Infrastructure is defined by the “American Heritage Dictionary” as the basic facilities, services, and installations needed for the functioning of a community or society, such as transportation and communications systems, water and power lines, and public institutions including schools, post office, and prisons.
Historically, politicians have tended to give infrastructure spending short shrift while favoring social and other short term spending, likely to have a more immediate appeal to voters.
And now we have Puerto Rico. More than a month after the destruction brought about by hurricane Maria, the island’s infrastructure is a shambles. Large parts of the island still do not have cellphone service, access to clean water is limited and nearly 80% of Puerto Ricans do not have power.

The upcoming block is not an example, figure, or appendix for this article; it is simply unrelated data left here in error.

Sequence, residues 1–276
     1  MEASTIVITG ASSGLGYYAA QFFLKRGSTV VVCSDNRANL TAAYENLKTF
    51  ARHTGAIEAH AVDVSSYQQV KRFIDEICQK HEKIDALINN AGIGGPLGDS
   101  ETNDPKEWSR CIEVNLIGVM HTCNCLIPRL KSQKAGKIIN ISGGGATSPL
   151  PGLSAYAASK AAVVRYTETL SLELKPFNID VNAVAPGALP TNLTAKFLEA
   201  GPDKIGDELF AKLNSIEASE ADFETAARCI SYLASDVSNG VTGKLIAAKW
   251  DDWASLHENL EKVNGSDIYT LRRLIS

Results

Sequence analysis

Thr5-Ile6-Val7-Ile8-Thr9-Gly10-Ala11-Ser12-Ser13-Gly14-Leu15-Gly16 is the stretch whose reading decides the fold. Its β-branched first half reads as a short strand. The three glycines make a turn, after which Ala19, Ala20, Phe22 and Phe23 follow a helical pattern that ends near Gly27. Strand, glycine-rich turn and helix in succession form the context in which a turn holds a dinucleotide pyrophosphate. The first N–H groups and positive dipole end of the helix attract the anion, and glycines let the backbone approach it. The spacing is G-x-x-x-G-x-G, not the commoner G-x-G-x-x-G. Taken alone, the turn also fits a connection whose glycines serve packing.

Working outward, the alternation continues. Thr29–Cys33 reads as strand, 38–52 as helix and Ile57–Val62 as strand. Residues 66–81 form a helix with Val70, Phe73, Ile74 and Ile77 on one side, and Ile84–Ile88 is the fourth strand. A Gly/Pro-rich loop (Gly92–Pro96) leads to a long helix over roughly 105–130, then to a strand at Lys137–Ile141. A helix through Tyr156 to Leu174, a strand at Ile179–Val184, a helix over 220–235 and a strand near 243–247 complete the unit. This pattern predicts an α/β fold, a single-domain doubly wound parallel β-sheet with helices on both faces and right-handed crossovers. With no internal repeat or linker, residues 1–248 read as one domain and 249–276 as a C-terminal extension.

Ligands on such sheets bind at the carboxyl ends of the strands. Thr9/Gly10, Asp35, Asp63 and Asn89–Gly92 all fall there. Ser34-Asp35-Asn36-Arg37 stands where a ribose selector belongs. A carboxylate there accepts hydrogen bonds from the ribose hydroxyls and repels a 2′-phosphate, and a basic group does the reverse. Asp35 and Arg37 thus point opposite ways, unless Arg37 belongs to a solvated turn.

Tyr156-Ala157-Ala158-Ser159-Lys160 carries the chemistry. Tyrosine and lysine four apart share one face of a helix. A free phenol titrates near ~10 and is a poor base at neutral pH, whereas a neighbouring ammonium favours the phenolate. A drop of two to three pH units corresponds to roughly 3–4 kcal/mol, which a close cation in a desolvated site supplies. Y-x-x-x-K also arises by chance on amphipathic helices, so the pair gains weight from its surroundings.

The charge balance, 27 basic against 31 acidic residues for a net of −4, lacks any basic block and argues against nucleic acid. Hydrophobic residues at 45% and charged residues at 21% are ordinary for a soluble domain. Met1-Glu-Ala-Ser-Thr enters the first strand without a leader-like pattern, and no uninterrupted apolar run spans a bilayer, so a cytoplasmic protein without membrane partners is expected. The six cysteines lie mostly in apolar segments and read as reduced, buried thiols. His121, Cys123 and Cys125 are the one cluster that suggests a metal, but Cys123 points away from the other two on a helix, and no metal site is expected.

It is evident that recovery is likely to be painfully slow, due in part to the fact that Puerto Rico is an island with the attendant logistical issues, compounded by generally marginal levels of maintenance, over decades, before the storm delivered a final blow.
A robust infrastructure is an essential of a modern society. Investors should consider the condition and political commitment relating to infrastructure, or lack thereof, as part of an assessment of investment opportunities.
Walter J. Kirchberger, CFA®